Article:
Volume 2, Issue 9
Located just east of the Village of Albion, St. Joseph’s Cemetery was established in 1920 under the pastorate and direction of Msgr. Francis Sullivan. Notice the paving stones covering East Avenue and the extensive landscaping of the property along the road. The center driveway runs north towards a circle containing four statues depicting the crucifixion of Christ and the chapel behind it. A larger pathway surrounded the chapel creating a section for burials within that loop.
St. Joseph’s Church celebrated its first Mass as a parish in 1852. For over twelve years prior, the Irish Catholic community relied on itinerant priests from Lockport to provide the sacraments throughout the year. This often meant that baptisms, marriages, and the sacrament of the Holy Eucharist would occur in bunches as a priest was made available by the Diocese of Buffalo.
The earliest Irish Catholics engaged in manual labor often in the sandstone quarries scattered along the Erie Canal, which led to accidental deaths and the contraction of tuberculosis.… More
Volume 2, Issue 8
This image shows the construction of the Buffalo, Lockport & Rochester Railway through Medina in 1908. Looking north, workers are in the process of laying tracks on Main Street towards Commercial Street where the rail line would turn west and run to Salt Works Road. The iconic clock tower of White’s Hotel can be seen in the background as well as a large advertisement for Daniel D. Holdredge’s crockery and undertaking business.
The earliest efforts to construct an electric interurban railway through this area started around the turn of the century. Discussion of forming a railway that ran from Batavia to Olcott through Medina were amongst the very first plans for a trolley system. However, the 1.7 mile Albion Electric Railway was the only successful line in these early years.
Chartered in 1905, the Buffalo, Lockport & Rochester Railway was a combination of the Albion & Lockport Railway, the Albion & Rochester Railway, and the Albion Electric Railway.… More
Volume 2, Issue 7
This picture, taken sometime around 1920, shows Weston Wetherbee standing with his homemade telescope behind his home on Ingersoll Street in Albion. Also pictured is Wilbur Phillips (left) and John Gilmore (center).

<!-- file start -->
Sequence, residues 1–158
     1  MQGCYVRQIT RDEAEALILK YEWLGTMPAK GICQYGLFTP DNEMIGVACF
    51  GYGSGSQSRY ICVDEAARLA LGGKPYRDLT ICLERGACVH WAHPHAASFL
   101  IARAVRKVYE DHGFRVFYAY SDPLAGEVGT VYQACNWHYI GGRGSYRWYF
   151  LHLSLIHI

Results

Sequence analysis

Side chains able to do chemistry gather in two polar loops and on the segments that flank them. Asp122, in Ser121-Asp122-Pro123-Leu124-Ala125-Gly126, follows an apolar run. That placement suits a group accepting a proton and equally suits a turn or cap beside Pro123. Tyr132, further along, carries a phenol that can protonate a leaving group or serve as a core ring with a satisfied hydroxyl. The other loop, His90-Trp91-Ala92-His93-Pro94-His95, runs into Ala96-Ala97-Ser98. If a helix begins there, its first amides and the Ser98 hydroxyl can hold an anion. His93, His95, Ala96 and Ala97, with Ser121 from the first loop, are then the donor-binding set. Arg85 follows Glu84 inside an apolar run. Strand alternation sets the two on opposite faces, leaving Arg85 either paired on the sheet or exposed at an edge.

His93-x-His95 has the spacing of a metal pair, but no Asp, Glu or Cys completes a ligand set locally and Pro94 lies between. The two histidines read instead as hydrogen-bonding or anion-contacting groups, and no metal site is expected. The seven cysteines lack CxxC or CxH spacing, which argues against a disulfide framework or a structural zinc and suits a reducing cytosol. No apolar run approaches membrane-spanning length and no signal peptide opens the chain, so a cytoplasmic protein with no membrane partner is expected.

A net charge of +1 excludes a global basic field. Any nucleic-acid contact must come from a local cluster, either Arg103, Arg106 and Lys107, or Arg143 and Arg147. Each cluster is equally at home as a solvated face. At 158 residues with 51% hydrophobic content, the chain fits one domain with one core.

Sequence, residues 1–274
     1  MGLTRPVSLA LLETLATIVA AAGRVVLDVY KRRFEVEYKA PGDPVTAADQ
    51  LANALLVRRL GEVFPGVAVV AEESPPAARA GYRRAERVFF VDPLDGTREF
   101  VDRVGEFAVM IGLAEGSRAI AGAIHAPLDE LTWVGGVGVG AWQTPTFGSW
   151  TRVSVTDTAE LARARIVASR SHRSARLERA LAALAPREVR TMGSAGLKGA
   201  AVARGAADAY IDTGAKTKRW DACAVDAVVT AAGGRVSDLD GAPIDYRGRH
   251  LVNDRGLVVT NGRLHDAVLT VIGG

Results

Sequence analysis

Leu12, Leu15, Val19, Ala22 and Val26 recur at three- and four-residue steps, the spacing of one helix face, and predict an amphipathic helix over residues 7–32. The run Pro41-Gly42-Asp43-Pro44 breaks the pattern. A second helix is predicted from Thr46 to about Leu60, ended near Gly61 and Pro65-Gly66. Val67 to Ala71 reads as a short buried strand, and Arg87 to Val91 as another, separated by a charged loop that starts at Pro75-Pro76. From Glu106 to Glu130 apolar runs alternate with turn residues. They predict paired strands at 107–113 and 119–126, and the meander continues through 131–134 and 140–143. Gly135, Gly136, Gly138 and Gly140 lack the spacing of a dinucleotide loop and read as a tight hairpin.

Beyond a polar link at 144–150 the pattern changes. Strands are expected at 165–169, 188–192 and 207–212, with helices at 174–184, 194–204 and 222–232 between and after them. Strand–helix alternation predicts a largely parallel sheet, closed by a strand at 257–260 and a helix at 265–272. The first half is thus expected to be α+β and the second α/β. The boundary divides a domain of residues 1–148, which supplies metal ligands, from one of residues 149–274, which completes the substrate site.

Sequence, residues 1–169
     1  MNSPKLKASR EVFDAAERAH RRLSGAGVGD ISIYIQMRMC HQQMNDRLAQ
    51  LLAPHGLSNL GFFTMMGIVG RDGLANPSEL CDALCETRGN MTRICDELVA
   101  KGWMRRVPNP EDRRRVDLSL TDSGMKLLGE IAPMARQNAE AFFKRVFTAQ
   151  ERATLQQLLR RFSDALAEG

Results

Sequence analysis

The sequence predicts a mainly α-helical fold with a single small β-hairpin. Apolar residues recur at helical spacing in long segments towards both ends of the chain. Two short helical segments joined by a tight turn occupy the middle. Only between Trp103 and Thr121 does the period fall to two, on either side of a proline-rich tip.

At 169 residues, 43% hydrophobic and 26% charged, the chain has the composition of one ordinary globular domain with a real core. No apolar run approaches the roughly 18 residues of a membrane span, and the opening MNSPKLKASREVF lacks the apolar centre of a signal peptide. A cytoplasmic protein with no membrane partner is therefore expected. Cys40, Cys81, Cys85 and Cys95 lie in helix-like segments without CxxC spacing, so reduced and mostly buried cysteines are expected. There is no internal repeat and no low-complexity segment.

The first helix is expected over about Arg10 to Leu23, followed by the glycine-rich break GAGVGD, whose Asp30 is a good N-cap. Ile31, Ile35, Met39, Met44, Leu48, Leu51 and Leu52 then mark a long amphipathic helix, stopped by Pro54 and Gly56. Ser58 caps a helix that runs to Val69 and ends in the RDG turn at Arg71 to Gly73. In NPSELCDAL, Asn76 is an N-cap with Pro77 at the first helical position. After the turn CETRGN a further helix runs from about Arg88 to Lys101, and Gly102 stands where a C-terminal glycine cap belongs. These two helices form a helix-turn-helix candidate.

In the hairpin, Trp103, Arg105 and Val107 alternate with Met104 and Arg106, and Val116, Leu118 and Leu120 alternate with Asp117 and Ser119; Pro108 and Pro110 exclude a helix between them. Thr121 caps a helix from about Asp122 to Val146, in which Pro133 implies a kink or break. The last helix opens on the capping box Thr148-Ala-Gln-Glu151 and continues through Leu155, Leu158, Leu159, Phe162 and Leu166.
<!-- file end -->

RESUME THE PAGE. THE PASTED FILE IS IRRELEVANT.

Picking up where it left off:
Weston Wetherbee was born January 24, 1857 at Barre, NY to Weston and Mary Ann Wetherbee. In his earliest years, Weston was employed as a carpenter and became proficient in the construction of windmills. During the later portion of the 19th century, Wetherbee continued his work as a windmill salesman and mechanic.
It was during this period of time that he served as a Justice of the Peace and Barre Town Supervisor. During his time in Barre politics he served as Chairman of the County Board of Supervisors. He was elected to the position of Orleans County Sheriff in 1904, a position which he held for three terms. It was around this time that Weston and his wife, Julia Goff, moved to the Village of Albion to their home on Ingersoll Street.… More
Volume 2, Issue 6
I received a few calls and inquiries about Thomas A. Kirby following the recent news article highlighting newly established scholarships through the Albion Central School District – who was he and why a scholarship in his name? Albion Council #1330 Knights of Columbus developed an annual memorial award for a deserving graduating senior who showed commitment and service to the community. This image shows Thomas A. Kirby as a young man, a freshly minted lawyer eager to establish a local partnership in Albion. The photograph is paired in the collection with that of Thomas L. Hughes.
Thomas Kirby was born on March 22, 1869 in Albion to John and Catherine Hayes Kirby. As a young man, he was no stranger to patriotic duty and service to the community. Undoubtedly a young Thomas would have heard the stories told by his father, who served with the 8th New York Cavalry during the Civil War, was taken prisoner at Gettysburg, and sent to Andersonville Prison Camp.… More